USP Theses Collection


close this section of the library Neural networks (Computer science) -- Fiji

View the PDF document Intelligent student progress monitoring in an e-learning environment using neural network trained with memetic algorithm
Author: Singh, Shaveen
Institution: University of the South Pacific.
Award: M.Sc.
Subject: Neural networks (Computer science) -- Fiji, Genetic programming (Computer science) -- Fiji, Genetic algorithms
Date: 2014
Call No.: Pac QA 76 .87 .S56 2014
BRN: 1203250
Copyright:20-40% of this thesis may be copied without the authors written permission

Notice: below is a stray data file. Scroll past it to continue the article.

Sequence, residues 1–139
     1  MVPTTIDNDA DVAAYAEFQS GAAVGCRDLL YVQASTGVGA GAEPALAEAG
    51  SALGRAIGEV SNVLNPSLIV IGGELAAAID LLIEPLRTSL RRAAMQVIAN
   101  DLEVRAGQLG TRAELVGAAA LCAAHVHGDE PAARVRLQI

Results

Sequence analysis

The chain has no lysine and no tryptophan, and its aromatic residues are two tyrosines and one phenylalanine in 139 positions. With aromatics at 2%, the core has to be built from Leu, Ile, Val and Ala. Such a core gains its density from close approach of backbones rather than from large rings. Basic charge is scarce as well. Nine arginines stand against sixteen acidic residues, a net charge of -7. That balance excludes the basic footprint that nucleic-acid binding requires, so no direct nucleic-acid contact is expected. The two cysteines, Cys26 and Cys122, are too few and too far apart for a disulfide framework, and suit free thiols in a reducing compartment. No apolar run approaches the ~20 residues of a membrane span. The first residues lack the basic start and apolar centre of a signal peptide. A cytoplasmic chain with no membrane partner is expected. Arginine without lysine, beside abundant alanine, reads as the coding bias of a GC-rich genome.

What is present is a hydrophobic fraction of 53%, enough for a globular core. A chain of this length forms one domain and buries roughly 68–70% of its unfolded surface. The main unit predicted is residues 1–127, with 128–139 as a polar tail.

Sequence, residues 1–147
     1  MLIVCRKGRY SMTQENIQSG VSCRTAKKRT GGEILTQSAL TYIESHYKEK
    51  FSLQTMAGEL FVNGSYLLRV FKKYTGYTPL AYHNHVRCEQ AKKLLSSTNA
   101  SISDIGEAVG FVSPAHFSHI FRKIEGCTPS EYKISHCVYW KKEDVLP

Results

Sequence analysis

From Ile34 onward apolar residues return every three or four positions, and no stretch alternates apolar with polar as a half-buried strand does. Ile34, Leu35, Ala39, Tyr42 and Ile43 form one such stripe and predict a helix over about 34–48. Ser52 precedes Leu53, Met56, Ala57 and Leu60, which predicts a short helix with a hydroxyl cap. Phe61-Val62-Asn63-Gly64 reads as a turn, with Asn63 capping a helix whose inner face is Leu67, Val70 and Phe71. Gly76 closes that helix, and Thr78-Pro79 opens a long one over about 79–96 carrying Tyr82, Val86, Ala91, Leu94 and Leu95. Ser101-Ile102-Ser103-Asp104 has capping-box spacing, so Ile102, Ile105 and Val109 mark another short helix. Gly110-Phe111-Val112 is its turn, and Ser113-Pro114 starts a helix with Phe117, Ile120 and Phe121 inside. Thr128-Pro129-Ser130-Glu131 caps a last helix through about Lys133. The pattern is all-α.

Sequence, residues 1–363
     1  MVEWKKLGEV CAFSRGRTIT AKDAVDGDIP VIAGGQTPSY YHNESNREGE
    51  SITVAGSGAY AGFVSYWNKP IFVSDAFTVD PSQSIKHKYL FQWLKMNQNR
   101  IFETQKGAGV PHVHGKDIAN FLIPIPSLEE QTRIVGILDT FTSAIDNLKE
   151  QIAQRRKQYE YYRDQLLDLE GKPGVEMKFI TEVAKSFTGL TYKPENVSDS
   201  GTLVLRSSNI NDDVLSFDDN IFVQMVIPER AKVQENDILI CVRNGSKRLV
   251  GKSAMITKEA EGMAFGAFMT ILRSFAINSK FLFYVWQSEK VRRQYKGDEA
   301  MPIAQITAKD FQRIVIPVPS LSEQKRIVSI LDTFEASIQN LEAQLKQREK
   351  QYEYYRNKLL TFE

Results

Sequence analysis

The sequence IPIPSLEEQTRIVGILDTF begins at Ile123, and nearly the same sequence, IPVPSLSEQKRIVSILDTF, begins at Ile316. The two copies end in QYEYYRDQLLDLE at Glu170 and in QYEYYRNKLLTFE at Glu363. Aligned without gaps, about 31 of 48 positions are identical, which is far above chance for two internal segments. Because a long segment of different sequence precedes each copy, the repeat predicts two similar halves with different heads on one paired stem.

Abstract: Massive Open Online Courses (MOOCs) and other forms of digital learning have been widely heralded as practices that will serve to radically revolutionize education. However, offering such massive and open courses brings about its challenge and the need for monitoring large number of students. So much learner produced data is accumulated in the e-learning platform in the form of logs, which opens up opportunities to develop learning systems which can adapt to students abilities. This thesis explores the potential of modelling student behaviour in an e-learning environment (Moodle) using Machine Learning (ML) techniques, which could act as a personalised feedback mechanism for a students’ academic progression, and a means of courseware evaluation and maintenance. Eleven different offerings from six courses and four disciplines were experimented from School of Computing, Information and Mathematical Sciences (SCIMS) at University of the South Pacific (USP). Feature selection and attribute ranking technique was employed to identify courseware modules and user actions that had greater influence in accurately predicting student performance. The most suitable training profile for the Artificial Neural Network (ANN) model was determined for predicting ‘at-risk’ students around the faculty mid-semester reporting deadline (Week 8). The ANN model was implemented with a hybrid memetic learning algorithm. The architecture and parameters of the ANN was optimized using a past course offering and the learning model generated was then validated with the subsequent offering of the same course. An evaluation of the proposed system presented high prediction accuracy for identifying “at-risk” students for a good mix of courses experimented. The system also proved more reliable than the current mid-semester “at-risk” reporting practise implemented at USP. v To ensure that the model was able to adapt to the evolving nature of e-learning environment and improve with the availability of new learner profiles, an appropriate adaptive online learning strategy was also suggested for re-training the ANN. The hybrid meta-heuristic demonstrated that the incremental learning approach was able to cope with changes in data, and delivered trained neural networks that guaranteed faster convergence and finer performance without significantly increasing the learning cost.
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